Whether we are talking high fashion, slow fashion, fast fashion, tailored fashion or whatever type of fashion you want, Swedes pride themselves in expressing excellence and consciousness through their style. Here is a snapshot of how to capture the Swedish style, season by season.
Swedish style – spring fashion is in your head and the air
Swedish spring comes right after a long period of darkness, cold and low-key depressions. Swedes burst out the door wearing white, white, white and flowers. Post-Ingmar Bergman swedes are more colorful and continental than before and they like to show it. During spring, especially.
Men’s fashion is more cautious in the spring. The jacket stays on and makes a slight adjustment from winter’s dark brown, dark gray or pitch black to a more modest, less heat-attractive shade. You are sure to spot droves of men sporting bomber jackets from Tiger of Sweden, a pair of sneakers from Axel Arigato and anything from Marc O’Polo‘s latest shirt collections.
Swedish style – summer is all about flexibility
Summer in Sweden is spelled OUTDOORS. Stockholmers go out to their summer houses, trekking, travelling, swimming. Literally anywhere. Swedish summer fashion is reflected in this, as Swedes dress functionally, flexibly and most of all in breathable fashion. The days are long, very long. This puts a certain pressure on the self-conscious dresser. What you put on in the morning must last all day, last through heat, dirt and that BBQ-flirt.
Swedish women are sporty and active (both with regards to sports and the nightlife) and they dress accordingly. You will see comfortable skirts from Filippa K, coats from ACNE and definitely sportswear from H&M and Nike.
Photograph by SØREN JEPSEN
Men are more formal in the summer than in spring. The long nights make for long evening walks, for which a jacket is perfect. The colors are bright, but always with a gray base. Swedish summer is fairly mild compared to the heat-filled Italian summer or humid climates of southern Asia. The breezy winds and comparatively cool temperatures make it easy for any man to feel fashionable all year around.
Swedish style – The leaves will fall fashionably
The word “layers” is as synonymous with fall as leaves are. Fall in Sweden gets dark, cold and damp; fast. It almost seems as if though the whole country enters a brief period of depression. For fashionistas, it is the perfect time to catch up with vintage, layers and shining through details.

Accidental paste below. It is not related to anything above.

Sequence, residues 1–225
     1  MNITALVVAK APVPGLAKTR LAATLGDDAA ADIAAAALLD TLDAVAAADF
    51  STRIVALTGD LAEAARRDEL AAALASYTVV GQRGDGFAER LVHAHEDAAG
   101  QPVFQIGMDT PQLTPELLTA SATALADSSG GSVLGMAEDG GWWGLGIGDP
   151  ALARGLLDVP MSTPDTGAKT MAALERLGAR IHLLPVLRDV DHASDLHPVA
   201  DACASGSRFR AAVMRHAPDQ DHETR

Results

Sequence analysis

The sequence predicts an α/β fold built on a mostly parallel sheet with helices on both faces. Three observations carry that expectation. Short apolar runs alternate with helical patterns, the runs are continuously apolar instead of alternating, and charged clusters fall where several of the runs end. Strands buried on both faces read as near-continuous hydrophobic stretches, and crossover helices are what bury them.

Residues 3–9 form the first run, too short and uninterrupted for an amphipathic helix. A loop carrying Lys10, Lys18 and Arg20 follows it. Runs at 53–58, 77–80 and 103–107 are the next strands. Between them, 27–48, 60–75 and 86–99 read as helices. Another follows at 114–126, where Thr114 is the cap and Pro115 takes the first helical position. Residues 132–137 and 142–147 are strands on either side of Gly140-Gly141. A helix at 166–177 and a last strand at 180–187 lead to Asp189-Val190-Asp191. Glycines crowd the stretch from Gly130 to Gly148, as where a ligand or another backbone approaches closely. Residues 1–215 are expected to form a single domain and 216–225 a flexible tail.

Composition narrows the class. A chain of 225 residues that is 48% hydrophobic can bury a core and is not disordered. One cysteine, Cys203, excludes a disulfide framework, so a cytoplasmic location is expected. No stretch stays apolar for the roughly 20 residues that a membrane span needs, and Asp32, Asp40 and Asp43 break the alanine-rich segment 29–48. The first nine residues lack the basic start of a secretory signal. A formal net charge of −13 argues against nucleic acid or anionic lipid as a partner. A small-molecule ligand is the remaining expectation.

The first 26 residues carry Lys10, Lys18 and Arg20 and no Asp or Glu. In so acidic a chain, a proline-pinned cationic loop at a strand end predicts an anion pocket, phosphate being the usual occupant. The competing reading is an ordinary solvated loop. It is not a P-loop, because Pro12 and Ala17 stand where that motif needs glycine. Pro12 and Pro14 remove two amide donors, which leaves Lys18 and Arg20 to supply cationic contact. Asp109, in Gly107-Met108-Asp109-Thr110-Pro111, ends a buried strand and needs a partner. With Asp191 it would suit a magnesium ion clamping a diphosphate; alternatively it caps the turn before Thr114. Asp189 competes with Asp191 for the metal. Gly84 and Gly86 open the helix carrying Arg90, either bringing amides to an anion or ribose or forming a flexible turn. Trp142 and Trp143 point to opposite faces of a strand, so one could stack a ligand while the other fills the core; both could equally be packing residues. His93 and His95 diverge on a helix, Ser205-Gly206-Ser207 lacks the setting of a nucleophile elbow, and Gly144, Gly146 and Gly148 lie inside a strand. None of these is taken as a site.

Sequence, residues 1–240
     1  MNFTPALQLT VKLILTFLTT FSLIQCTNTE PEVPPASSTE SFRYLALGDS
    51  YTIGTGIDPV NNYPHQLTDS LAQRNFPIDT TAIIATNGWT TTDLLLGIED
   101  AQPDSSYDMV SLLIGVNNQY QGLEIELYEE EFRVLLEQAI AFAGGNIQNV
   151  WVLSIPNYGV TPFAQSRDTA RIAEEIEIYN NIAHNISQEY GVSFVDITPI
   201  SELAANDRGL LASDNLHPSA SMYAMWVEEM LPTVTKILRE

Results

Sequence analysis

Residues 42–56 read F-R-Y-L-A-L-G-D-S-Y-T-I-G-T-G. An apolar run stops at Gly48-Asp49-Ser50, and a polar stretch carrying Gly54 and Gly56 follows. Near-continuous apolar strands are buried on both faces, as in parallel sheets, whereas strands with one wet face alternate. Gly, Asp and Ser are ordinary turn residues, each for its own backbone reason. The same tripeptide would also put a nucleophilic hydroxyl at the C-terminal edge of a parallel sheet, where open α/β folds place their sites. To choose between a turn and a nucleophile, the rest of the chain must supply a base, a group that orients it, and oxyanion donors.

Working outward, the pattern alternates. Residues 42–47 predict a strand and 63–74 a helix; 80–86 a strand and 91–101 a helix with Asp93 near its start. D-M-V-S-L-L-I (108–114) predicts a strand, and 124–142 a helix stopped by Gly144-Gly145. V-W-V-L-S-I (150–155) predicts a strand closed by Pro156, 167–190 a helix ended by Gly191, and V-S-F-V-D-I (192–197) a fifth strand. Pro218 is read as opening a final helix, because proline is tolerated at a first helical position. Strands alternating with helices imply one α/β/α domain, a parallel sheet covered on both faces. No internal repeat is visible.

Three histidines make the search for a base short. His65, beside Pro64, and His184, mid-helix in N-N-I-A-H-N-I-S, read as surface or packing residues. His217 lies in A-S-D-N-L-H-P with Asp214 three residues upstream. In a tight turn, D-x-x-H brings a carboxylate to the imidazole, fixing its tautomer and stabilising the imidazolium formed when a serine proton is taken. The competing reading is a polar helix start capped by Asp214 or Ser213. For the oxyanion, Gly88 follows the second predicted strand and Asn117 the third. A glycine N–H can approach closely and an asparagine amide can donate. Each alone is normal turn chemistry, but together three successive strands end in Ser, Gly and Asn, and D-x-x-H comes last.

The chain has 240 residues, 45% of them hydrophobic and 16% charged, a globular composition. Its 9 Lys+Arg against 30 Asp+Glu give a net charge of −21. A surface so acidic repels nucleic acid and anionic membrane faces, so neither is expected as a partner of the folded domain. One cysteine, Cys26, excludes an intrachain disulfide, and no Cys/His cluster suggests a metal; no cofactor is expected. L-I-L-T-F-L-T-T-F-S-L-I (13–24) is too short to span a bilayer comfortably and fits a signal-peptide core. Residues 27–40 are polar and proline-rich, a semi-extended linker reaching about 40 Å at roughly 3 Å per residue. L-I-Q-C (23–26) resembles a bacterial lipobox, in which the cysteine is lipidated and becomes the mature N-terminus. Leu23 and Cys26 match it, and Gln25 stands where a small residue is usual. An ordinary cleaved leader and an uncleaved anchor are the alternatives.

So, rather than freezing in the name of fashion, Swedes make those accessories part of your winter outfit. As the Swedes say, rather optimistically: “There’s no bad weather, only bad clothes”.
Swedish fall fashion is accented by perfect accessories. No outfit is complete without a pair of leather gloves from Hestra, a scarf from Danish fashion brand By Malene Birger or a raincoat from Stutterheim.
Photograph by SØREN JEPSEN
As gender role breaking as fashion is in Sweden, it never gets more evident than when fall comes around. Layers, coats, brown colors. It goes around and throughout. During the fall you see men sporting checkered shirts from Cheap Monday, coats and jackets from Tiger of Sweden and shoes from Rizzo.
Swedish style – Winter fashion is coming
Photograph by SØREN JEPSEN
If you are struggling with staying warm and looking cool at the same time, then you should go to Stockholm. Have a look in the way people are dressing there. The winter style is an extrapolated version of fall fashion. Yet again everything is in the details. Every look has something unique and individual through accessories, whether its the bag of the season from Sandqvist or new knits from Maska.
Photograph by Oscar Jacobson
This is where men’s and women’s fashion diverge. Rather than building on top of the autumn style of layering, Swedish men’s style takes a halt with the layering. Instead, Swedish men add thickness and quality during the winter. There are few things that are constant in a Swedish man’s wardrobe as his favorite coat. Swedish men’s winter outfits are of highest quality and as dapper as it gets.